Taliban destroy poppy fields in surprise clampdown on Afghan opium growers
Action by Taliban welcomed by government and clerics but insurgent says destruction was for religious reasons
Taliban fighters have destroyed fields of opium poppies in eastern Afghanistan this spring, the first time since 2001 the hardline Islamist group is known to have clamped down on the cultivation of a drug that provides a big part of its funding.
While the insurgents appear to have dug up a relatively small area of poppies in a remote area near the border with Pakistan, the move was so unusual it won a chorus of praise from the Afghan government and international organisations, whom the Taliban consider their enemy, as well as senior clerics.
“They just did what the constitution ordered,” said Wasifullah Wasifi, a spokesman for the provincial governor in Kunar, where the eradication took place.
“The provincial governor really appreciates what the insurgents did. From the perspective of Islam it is forbidden and a crime to grow drugs,” Wasifi said, adding that nearly a hectare had been destroyed by the Taliban in the province’s Manawara district, in addition to a far larger amount eradicated by the government.
The country representative of the UN Office on Drugs and Crime in Afghanistan, Jean-Luc Lemahieu, confirmed that the Taliban had uprooted poppy fields in Kunar, and said he hoped the “rare event” might presage a stronger approach to controlling drug production.
“We welcome this new approach and would hope that this is not a one-time exception but that the Taliban, and others alike, would take a principled stance against the narcotics business,” he said.
Afghanistan has for years produced the vast majority of the world’s opium, with only a brief break in 2001 when the Taliban government, which had previously relied on the crop to bolster its coffers, unexpectedly dug up most of the country’s poppy fields.
But opium production has flourished since the group was toppled by US-backed forces in 2001, even though it has been widely condemned by clerics as un-Islamic.
Villagers in the Manawara district were warned at the start of the sowing season not to plant poppies, said district governor Habib Rahman Mohmand.
“The Taliban leadership in Kunar sent down an order to the ordinary people that they should not grow drugs, or the crop would be destroyed,” Mohmand said. “Around 20 days ago the Taliban groups came and destroyed it.”
Mohmand said he believed it had been done on the order of a powerful regional commander, Zia al-Rahman. The order, however, was the result of pressure from tribal elders and religious scholars in Kunar who considered the production of drugs un-Islamic, he told the Guardian.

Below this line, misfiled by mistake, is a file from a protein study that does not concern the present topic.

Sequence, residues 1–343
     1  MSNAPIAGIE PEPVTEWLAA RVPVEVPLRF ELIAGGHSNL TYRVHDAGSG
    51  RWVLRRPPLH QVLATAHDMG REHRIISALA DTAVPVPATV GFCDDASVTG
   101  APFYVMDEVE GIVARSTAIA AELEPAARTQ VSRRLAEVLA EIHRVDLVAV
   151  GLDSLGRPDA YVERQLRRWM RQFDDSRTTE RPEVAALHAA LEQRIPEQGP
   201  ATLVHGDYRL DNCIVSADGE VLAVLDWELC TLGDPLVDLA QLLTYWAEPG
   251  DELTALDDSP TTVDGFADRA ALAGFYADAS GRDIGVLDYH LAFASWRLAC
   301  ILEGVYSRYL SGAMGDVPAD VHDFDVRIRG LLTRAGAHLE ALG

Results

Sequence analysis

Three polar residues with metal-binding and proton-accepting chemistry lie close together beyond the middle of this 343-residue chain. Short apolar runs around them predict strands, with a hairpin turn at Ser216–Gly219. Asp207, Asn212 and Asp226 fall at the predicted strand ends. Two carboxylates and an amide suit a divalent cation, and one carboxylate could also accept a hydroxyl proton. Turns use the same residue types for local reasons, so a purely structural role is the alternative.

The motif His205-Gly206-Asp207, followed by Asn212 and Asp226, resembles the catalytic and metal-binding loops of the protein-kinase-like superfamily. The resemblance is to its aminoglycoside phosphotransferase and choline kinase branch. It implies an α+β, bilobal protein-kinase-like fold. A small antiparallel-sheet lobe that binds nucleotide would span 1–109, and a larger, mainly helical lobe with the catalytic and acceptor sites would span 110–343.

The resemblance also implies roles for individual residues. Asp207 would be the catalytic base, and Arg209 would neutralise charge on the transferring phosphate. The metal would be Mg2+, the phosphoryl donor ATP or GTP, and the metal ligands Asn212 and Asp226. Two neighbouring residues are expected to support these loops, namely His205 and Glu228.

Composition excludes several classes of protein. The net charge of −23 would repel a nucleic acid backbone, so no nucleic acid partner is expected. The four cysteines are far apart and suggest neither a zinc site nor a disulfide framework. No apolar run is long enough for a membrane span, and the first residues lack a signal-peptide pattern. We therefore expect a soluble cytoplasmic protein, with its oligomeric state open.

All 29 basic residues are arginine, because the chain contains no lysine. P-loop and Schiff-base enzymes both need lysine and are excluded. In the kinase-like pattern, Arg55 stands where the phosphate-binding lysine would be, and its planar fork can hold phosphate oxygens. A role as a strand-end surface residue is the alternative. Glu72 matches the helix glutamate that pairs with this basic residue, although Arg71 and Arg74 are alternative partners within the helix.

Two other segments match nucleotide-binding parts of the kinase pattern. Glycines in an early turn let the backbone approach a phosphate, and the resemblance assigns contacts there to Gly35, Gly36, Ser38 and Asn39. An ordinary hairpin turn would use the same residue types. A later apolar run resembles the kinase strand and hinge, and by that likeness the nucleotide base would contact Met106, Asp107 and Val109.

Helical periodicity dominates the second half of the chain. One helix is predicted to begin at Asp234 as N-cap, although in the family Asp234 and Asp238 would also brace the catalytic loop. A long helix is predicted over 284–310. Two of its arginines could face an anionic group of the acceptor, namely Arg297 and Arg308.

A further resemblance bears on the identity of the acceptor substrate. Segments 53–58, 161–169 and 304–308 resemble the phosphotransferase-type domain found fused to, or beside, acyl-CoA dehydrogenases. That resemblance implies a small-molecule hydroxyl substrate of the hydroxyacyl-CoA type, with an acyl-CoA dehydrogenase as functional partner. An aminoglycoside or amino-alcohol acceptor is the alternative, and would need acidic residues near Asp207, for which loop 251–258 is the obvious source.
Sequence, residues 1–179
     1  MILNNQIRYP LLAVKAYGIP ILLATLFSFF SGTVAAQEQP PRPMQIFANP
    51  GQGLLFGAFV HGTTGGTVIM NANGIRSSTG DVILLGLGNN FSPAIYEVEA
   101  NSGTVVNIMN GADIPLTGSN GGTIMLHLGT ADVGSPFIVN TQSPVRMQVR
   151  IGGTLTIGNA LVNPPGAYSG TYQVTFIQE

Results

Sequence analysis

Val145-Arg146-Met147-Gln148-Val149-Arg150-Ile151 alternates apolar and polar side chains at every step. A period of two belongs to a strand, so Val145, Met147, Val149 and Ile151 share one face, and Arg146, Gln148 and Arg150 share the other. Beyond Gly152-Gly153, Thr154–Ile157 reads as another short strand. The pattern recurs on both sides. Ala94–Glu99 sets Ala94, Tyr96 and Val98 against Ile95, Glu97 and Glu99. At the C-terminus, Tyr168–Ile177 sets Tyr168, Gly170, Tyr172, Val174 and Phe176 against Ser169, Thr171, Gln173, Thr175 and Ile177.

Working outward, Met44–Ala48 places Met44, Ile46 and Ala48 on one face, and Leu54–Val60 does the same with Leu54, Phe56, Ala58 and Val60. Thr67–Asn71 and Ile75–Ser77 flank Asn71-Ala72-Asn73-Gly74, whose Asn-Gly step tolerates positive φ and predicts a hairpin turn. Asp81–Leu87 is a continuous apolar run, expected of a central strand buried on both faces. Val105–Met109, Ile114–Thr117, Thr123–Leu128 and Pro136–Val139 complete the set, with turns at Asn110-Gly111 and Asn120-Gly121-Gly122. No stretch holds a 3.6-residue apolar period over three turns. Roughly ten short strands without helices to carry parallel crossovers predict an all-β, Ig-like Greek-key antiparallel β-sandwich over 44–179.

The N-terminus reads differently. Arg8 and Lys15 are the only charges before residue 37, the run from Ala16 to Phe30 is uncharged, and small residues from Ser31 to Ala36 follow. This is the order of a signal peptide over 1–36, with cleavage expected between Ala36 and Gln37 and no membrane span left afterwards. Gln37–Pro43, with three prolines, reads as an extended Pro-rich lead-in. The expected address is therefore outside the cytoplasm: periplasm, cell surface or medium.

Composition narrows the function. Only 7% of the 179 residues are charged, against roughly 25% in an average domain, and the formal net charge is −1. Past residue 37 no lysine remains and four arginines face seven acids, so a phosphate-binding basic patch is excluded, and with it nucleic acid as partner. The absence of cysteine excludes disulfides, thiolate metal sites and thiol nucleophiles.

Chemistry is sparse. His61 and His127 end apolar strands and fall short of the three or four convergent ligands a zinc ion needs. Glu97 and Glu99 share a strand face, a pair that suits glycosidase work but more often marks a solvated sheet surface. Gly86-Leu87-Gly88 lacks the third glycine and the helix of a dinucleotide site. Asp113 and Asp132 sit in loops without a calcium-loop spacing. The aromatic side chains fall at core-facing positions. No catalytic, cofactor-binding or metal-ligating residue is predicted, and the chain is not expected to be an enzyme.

A local Taliban fighter who said he was involved in the eradication confirmed that the decision had come from the top commander, for religious reasons.
“It was an order from Zia al-Rahman. We went to the site to destroy the drug fields, and there were two widows who were growing drugs to feed their families because they had no husbands, so I didn’t destroy their land,” said the militant.
“But when Zia al-Rahman heard, he got upset, and said: ‘We don’t care who the owners are, this is a religious order.’ So I went to the site again and destroyed the land of the widows.”
In 2011, the farm-gate value of opium production in Afghanistan more than doubled from the previous year to $1.4bn (£885m) according to Reuters.
Funds flow to insurgents and corrupt members of the government. The crop can also be a key source of income for poor farmers, who insurgents sometimes rely on for food, shelter, recruits or other support.
“Over the past 10 years the Taliban have generally been pragmatic about poppy. They have not been involved in eradication,” said Michael Semple, a Harvard academic and expert on the Taliban.
“In the poppy heartland of the south, where the opium trade is important in the rural economy, Taliban commanders deliberately delay the start of the spring fighting so as to allow farmers a chance to complete the opium harvest.”
In eastern Kunar, opium production is just a fraction of levels in the Taliban’s southern heartland, and the local commanders may have seen a chance to match government eradication programmes with their own claim to moral leadership on drugs production, Semple added.
“In Kunar the acreage planted is much smaller and opium is peripheral to the economy. In eradicating some poppies, local Taliban probably saw an opportunity to pose as a legitimate force.”
Kunar residents also said there had been some eradication by the Taliban in two neighbouring districts, although authorities in both areas denied any militant role in clearing poppy fields.
“In Shaygal district in some areas, the government was doing the eradication, and in other areas the insurgents were doing the eradication,” said an English teacher, who asked not to be named.
“As an eyewitness I can say the Taliban destroyed a jerib [a fifth of a hectare] of drugs between four and five days ago,” said Haji Padshah Jan, an elder from a third district, Sarkani.